The celebration featured history re-enactors from Silverton who pitched a camp much like what the Wallace party would have had before erecting the cabin that became Wallace House, the first such permanent (although inhabited for less than two years) structure in the Willamette Valley.
Keizer history buff Jerry McGee unveiled the interpretive kiosk and recounted the story surrounding the structure. Dr. David Lewis, manager of the Cultural Resources Dept. for the Confederated Tribes of Grand Ronde, presented the native Kalapuya perspective and disclosed several ways the American westward expansion and settlement affected native populations. Read his letter about Tcha-Mikiti (Chemeketa) and Wallace House published in the June 15, 2012 edition of the KeizerTimes.
The celebration topped off with generous helpings of cornbread and chili.
The West Keizer neighborhood covers a large area: from Chemawa Rd. on the north to Stark St (city limits) on the south and River Rd on the east to the Willamette River on the west. There are approximately 3,100 households and, as of August 2011, there were only ten (10) Neighborhood Watch captains in this area.
Neighborhood Watch is one of the most effective and cost-efficient crime-prevention programs in the country. Burglary, auto theft, theft from vehicles, and vandalism are the most prevalent neighborhood crimes. But when those who would commit such crimes have reason to believe that they will be observed...well what do you know? They decide to try somewhere else!
Neighborhood Watch is not a vigilante or "nosy neighbor" type program. It is about neighbors caring about neighbors and is sanctioned by the Keizer Police Department. Lt. Andrew Copeland is the contact person at the KPD.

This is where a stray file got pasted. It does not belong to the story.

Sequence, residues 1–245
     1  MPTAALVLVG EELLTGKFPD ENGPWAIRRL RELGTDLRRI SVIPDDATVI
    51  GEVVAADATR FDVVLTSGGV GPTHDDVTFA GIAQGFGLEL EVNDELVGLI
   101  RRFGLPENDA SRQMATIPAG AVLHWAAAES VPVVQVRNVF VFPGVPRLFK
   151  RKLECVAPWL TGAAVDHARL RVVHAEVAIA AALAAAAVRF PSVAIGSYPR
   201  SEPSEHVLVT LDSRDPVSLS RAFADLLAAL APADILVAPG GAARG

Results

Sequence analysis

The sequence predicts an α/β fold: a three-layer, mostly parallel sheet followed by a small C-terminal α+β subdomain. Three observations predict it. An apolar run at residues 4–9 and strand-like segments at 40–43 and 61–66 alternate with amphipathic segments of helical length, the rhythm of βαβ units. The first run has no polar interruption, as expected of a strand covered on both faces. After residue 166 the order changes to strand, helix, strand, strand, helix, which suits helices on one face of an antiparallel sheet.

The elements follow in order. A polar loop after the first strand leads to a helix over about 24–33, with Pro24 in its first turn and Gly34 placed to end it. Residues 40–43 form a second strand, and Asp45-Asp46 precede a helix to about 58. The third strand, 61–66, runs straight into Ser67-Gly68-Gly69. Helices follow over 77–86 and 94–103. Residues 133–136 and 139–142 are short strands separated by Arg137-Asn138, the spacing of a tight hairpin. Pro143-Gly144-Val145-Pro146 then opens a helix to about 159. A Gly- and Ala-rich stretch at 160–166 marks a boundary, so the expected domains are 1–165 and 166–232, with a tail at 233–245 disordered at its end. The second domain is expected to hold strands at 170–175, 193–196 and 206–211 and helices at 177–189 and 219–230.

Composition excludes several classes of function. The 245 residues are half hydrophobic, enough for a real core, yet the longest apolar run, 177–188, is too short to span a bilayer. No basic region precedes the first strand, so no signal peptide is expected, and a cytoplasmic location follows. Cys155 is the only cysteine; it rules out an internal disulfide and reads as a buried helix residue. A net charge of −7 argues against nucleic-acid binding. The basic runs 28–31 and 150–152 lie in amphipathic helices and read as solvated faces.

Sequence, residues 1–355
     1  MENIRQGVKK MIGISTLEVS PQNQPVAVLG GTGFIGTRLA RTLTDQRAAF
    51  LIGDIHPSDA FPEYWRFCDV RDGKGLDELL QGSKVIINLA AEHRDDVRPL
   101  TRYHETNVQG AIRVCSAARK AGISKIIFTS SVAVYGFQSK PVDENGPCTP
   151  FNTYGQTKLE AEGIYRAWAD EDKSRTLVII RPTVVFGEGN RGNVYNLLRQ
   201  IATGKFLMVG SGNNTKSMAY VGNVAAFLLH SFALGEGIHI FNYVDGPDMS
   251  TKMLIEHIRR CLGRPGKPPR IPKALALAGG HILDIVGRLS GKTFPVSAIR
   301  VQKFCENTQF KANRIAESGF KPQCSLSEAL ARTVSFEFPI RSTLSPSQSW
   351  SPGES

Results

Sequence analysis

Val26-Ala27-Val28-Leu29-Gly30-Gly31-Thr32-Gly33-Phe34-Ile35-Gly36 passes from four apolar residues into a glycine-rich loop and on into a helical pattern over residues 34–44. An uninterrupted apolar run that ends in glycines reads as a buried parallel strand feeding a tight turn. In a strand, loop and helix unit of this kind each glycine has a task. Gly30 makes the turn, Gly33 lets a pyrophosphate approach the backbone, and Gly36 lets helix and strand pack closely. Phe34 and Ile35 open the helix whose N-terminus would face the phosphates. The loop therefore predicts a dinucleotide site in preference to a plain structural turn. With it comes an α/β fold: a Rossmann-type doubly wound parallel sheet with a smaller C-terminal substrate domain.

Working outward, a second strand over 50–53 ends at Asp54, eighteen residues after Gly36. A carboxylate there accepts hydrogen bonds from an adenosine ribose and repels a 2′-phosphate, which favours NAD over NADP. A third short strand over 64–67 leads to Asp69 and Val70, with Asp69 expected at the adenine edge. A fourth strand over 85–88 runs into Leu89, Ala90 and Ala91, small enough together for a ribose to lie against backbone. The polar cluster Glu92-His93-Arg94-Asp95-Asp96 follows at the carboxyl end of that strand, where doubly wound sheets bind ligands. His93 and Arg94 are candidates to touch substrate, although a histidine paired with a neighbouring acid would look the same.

Inform the KPD when you plan to be gone for an extended period of time, as on a vacation. Vacation Notification formsare available at the KPD and online at the Department's web site. Officers will have access to the form in the event that there is a problem at your residence. Finally, always be alert to who and what is going on in your neighborhood so you can report any suspicious activity to the KPD.
So, get involved! After all, it's your neighborhood! You can take these steps to make it a safer place to live. Is it worth the very small investment? Definitely!
and celebration of the structure was June 25, 2014.
House held at Wallace House Park on June 9, 2012.
There are many projects, both new and ongoing, that are supported and/or spearheaded by the WKNA. We are also involved in other activities that benefit our area. Here's a list of what we're involved in currently.
Video: WKNA Vice President Rhonda Rich's Interview - Chemawa Road Cleanup
Willamette Manor Park:
In 2011, faced with a dilapidated and increasingly dangerous play structure at Willamette Manor city park, the WKNA took on the project to replace it. With the Keizer Parks Foundation, a private non-profit, WKNA lobbied the Parks Advisory Board and City Council to place the play structure first on their priority funding list. With a generous donation from Highway Fuel Company, it worked. Dedication
Wallace House Park:
Keizer's Wallace House Park is a site of historical interest. In the summer of 1812, a fur-trapping party from the American Fur Co.'s Ft. Astoria built a cabin on the bank of the Willamette River here in order to trade with the local Kalapuya band. It was the first such structure in the Willamette Valley. Visit the park today to view the interpretive kiosk and step back in time.
The West Keizer Neighborhood Association joined the celebration of the 200th anniversary of Wallace
West Keizer Neighborhood Association